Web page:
Summary. Oxygen consumption and evaporation were measured in a single pregnant pipistrelle bat during labour and parturition of twins, using an open-flow respirometry system. During 233 min of measurements, three distinct phases were noted, which we suggest represent prelabour, labour and grooming or suckling the young.

On the basis of this hypothesis, during labour and parturition, oxygen consumption was a maximum of 8·9% of daily energy expenditure, evaporation was 2·7% of daily water turnover, and total water loss was 5·5% of daily water turnover in free-living bats in early lactation.

We estimated that, for the mother and young combined, oxygen consumption associated with grooming and suckling would be equivalent to 37·5% of daily energy expenditure of the mother, if carried out continuously. Similarly, evaporation due to grooming and suckling would be equivalent to 16·4% of daily water turnover.

In terms of daily energy expenditure and daily water turnover, labour and parturition are therefore cheap, but grooming and suckling (even ignoring costs in terms of losses in the milk) are expensive.

Keywords: bat; labour; parturition; oxygen consumption; evaporation

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JG Gong, WJ Lee, PC Garnsworthy and R Webb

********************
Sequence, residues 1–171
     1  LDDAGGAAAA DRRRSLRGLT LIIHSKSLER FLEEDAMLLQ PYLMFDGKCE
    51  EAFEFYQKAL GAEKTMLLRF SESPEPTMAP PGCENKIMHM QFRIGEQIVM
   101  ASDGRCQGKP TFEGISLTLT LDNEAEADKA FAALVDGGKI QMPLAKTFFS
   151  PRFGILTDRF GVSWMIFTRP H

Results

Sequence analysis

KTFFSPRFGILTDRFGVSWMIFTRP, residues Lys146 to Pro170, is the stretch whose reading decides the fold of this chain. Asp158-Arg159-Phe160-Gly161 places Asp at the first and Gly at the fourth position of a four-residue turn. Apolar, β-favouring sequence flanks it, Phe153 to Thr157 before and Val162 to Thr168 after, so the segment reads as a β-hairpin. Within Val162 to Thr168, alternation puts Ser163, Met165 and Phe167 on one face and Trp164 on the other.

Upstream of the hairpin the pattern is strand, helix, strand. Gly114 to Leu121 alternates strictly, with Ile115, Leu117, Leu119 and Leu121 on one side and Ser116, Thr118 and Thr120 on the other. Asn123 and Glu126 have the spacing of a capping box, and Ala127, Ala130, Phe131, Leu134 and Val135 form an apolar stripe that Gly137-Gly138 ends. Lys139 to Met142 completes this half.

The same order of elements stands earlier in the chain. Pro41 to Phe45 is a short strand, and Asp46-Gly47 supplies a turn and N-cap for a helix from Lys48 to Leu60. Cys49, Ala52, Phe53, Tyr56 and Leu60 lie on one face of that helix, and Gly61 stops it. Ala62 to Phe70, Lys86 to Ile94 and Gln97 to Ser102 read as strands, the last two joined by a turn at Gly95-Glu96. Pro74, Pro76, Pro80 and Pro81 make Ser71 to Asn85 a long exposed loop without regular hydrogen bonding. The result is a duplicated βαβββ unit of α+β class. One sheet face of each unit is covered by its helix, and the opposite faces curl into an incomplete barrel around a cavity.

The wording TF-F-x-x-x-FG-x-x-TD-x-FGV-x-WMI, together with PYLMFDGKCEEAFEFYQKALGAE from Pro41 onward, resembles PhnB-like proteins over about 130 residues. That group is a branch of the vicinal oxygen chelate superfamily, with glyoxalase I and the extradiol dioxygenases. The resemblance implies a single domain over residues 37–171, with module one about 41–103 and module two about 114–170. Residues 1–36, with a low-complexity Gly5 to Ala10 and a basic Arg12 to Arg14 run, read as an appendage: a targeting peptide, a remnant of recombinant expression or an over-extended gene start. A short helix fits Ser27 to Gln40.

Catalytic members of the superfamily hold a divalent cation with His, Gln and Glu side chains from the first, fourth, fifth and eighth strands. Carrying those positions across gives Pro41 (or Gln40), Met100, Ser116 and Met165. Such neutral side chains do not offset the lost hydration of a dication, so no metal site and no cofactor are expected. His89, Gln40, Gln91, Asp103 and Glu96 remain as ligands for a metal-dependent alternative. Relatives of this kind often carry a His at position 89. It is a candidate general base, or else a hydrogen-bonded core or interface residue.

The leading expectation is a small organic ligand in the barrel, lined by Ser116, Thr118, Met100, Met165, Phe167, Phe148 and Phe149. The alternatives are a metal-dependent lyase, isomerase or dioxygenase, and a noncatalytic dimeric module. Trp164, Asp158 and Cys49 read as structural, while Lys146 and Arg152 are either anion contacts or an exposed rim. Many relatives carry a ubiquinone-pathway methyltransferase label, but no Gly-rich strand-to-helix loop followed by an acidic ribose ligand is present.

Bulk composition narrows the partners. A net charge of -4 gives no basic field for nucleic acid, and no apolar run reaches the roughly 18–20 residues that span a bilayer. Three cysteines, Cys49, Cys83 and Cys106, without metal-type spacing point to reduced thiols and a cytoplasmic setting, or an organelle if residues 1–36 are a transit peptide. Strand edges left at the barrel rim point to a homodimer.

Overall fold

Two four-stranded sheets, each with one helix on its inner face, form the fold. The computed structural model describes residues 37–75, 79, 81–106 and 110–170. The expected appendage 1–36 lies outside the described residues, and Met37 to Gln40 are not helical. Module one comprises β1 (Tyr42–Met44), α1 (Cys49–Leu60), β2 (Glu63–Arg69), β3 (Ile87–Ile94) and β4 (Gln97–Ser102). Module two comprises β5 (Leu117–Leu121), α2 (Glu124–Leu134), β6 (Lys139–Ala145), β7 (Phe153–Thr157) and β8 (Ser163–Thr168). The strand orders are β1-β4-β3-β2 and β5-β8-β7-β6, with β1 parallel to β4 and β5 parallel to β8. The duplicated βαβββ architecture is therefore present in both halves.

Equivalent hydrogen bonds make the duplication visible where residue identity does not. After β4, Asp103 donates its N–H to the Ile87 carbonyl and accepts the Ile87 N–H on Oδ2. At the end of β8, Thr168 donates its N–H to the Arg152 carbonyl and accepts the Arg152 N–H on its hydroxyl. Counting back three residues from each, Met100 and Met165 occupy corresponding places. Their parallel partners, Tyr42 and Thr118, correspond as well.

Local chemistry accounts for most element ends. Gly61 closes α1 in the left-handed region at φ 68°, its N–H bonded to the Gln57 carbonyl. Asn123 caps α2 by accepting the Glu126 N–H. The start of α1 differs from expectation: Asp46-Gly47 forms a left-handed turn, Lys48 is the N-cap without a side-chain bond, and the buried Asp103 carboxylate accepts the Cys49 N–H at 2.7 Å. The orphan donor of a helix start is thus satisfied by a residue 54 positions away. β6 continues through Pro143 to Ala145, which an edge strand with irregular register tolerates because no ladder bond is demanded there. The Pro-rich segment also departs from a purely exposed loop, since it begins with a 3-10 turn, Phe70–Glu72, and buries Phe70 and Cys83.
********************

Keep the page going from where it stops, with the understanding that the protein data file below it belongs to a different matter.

Although it has become increasingly clear that fertility in modern dairy cattle is declining in association with increased milk yields, the underlying mechanism is poorly understood. The first ovulation post partum is delayed in dairy cows undergoing selection for genetic merit for milk yield in association with lower circulating insulin concentrations. The aim of this study was to investigate whether feeding a diet to increase circulating insulin concentrations can overcome this delay in the first ovulation post partum. The experiment was a 2 x 2 factorial design (n = 10 per group) involving diet and genetic merit for milk yield. The dietary treatment started on the day of calving and lasted for 50 days. Plasma samples were collected each day and ovarian ultra-sonography was performed three times a week during the experimental feeding period. Milk yield was recorded each day, and body weight and body condition score were determined each week. Milk samples were collected three times a week from day 50 to day 105 post partum, and reproductive performance data were recorded for all the cows as part of the routine farm practice. The dietary treatment induced significant differences in plasma insulin concentrations in both high and low genetic merit cows. Although high genetic merit cows produced more milk, lost more body weight and had lower body condition scores during the experiment, no significant effect of diet was observed on these measurements. The high insulin inducing diet increased the proportion of cows ovulating within 50 days of calving and reduced the intervals from calving to first ovulation, and tended to reduce the intervals from calving to first service and to conception. These fertility parameters were also more favourable in low than in high genetic merit cows, but no interaction between diet and genetic merit was observed for any of these parameters. Genetic merit, but not diet, also affected the number of services required per conception and the conception rate. In conclusion, these results have confirmed that genetic selection for high milk yield is associated with a decrease in reproductive performance in dairy cows. More importantly, this study has demonstrated that it is possible to alleviate this problem by nutritional manipulation.